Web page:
WASHINGTON (Reuters) - Former presidential candidate John Edwards could be charged as early as on Friday in a investigation into alleged campaign finance law violations to hide an extramarital affair, a legal source familiar with the matter said.
Edwards, 57, a former senator from North Carolina, a Democratic presidential candidate in 2004 and 2008, and John Kerry's vice presidential running-mate in 2004, has been under investigation for more than two years.
Much of the investigation has centered on whether Edwards illegally spent campaign contributions to hide his affair with one-time campaign videographer Rielle Hunter and whether more than $1 million from supporters to keep her hidden amounted to illegal campaign contributions, people familiar with the case have said.
Edwards eventually admitted to the affair and that he fathered a child with Hunter. He and his wife Elizabeth separated, and she died of cancer last year.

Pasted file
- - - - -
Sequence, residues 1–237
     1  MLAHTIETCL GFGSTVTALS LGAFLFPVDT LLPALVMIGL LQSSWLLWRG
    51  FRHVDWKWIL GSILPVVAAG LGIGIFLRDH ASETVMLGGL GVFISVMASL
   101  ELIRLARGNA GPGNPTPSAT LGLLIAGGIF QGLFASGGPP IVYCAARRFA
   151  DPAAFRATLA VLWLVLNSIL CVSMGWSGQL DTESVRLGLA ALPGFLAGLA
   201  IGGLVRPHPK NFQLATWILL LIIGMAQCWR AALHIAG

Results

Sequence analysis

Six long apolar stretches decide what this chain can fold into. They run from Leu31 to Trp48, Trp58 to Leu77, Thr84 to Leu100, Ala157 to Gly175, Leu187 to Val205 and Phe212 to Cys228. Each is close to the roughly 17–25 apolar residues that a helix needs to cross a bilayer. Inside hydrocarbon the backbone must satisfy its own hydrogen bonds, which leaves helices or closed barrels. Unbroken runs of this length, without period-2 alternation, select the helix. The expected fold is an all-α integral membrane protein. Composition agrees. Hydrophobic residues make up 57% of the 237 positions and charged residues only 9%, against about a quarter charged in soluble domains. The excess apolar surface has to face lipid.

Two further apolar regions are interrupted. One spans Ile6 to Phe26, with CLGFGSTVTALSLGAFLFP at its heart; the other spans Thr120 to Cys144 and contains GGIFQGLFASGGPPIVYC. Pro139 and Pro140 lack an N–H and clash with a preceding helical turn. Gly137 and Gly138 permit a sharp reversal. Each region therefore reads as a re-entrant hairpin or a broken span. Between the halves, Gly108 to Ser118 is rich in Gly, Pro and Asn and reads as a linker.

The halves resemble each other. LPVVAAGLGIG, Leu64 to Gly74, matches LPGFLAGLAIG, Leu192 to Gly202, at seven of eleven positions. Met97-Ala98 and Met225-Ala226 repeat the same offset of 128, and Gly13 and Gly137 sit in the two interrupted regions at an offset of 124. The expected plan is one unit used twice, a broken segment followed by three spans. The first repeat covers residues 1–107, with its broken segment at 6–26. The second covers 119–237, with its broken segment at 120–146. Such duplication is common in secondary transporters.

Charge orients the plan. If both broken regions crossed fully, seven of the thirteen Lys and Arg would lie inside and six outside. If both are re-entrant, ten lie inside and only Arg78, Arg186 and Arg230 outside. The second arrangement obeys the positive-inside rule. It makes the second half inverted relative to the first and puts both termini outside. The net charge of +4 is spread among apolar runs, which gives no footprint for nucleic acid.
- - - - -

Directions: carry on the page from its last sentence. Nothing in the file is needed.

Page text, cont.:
The source, who refused to be identified because the case involved grand jury matters which are secret, declined to provide details on the expected charges.
Gregory Craig, an attorney for Edwards, last week denied that his client broke the law. A spokeswoman for the former lawmaker in North Carolina, Joyce Fitzpatrick, was not immediately available for comment.
Any charges would be brought in federal court in North Carolina, where a federal grand jury has been weighing whether to indict Edwards.
A spokeswoman for Attorney George Holding in Raleigh, North Carolina, and a U.S. Justice Department spokeswoman in Washington, D.C., declined comment on the case.
The charges would mark the latest fall from grace by Edwards, who failed to win much support during his two presidential bids. He was picked by presidential candidate Kerry as his running mate in 2004, but they lost.
(Reporting by James Vicini and Jeremy Pelofsky; Editing by Vicki Allen)